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Olson v. Colvin

United States District Court, W.D. Washington, Seattle

October 15, 2014

GREGGORY ALAN OLSON, Plaintiff,
v.
CAROLYN W. COLVIN, Acting Commissioner of Social Security, Defendant.

REPORT AND RECOMMENDATION

MARY ALICE THEILER, Chief Magistrate Judge.

INTRODUCTION

Having prevailed in his appeal of a decision by the Commissioner of the Social Security Administration (Commissioner), plaintiff moves for an award of $7, 328.40 in attorney's fees under the Equal Access to Justice Act (EAJA), 28 U.S.C. § 2412. (Dkts. 26 and 29.)[1] The Commissioner objects to plaintiff's request for an award of attorney's fees and alternatively argues that the number of hours requested is excessive.[2] (Dkt. 32.) Having considered the parties' submissions, the balance of the record, and the governing law, the Court recommends that plaintiff's motion (Dkt. 29) be GRANTED and that plaintiff be awarded $7, 328.40 in attorney's fees.

BACKGROUND AND DISCUSSION

Plaintiff filed applications for Disability Insurance Benefits and Social Security Income in May 2009. Following a hearing, an Administrative Law Judge (ALJ) found plaintiff not disabled. Plaintiff appealed the decision to the Appeals Council, which denied plaintiff's request for review. Plaintiff filed a civil action in this Court for review of the Commissioner's final decision. The Court issued a Report and Recommendation that recommended remanding the matter for further administrative proceedings. (Dkt. 22.) The Court found that the ALJ erred at step two by failing to consider whether plaintiff's anxiety disorder, diagnosed in February 2011 by David Widlan, Ph.D., was severe. ( Id. at 5.) The Court also found that the ALJ erred by giving significant weight to the opinion of Suzanne Canning, M.D., but failing to account for her opinions that plaintiff's attention and focus issues might make it difficult for him to perform simple and repetitive tasks as well as more detailed and complex tasks and might result in him needing special or additional instructions. ( Id. at 11-12.) The Honorable Robert S. Lasnik adopted the Report and Recommendation. (Dkt. 24.)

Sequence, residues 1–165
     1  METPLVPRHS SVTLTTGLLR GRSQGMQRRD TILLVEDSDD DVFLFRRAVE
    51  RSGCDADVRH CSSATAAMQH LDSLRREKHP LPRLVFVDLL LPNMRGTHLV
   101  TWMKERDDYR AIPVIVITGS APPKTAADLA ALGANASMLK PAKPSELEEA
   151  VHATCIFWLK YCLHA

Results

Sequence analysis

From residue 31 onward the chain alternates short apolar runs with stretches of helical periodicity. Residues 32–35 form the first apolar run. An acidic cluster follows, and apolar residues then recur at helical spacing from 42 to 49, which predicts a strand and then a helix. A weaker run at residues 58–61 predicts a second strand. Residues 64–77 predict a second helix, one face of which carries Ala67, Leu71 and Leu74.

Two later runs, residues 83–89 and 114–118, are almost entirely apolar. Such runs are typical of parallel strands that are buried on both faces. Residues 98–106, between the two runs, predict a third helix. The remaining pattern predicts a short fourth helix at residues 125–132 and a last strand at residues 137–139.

In moving for attorney's fees, plaintiff asserts that the Commissioner's position in opposing his claim was not substantially justified and that, as the prevailing party, he is entitled to an award of attorney's fees. He seeks attorney's fees for a total of 39.4 attorney hours and requests that the fees be calculated at the hourly rate of $186 per hour. (Dkt. 29 at 2.) The Commissioner opposes both plaintiff's entitlement to fees and the number of hours requested. She requests, if the Court concludes that her position was not substantially justified, that plaintiff's total billable hours be reduced, but she does not specify how many hours should be deducted.

A. Plaintiff's Entitlement to Fees

Under the EAJA, with certain exceptions not applicable here, the Court awards fees and expenses to a prevailing party in a suit against the government unless it concludes that the position of the government was "substantially justified." 28 U.S.C. § 2412(d)(1)(A). The Commissioner's position is deemed substantially justified if it meets the traditional standard of reasonableness, meaning it is "justified in substance or in the main, or to a degree that could satisfy a reasonable person." Lewis v. Barnhart, 281 F.3d 1081, 1083 (9th Cir. 2002) (quoted sources and internal quotation marks omitted). While the Commissioner's position need not be correct, it must have "reasonable basis in law and fact." Id. (citing Pierce v. Underwood, 487 U.S. 552, 566 n. 2 (1988)).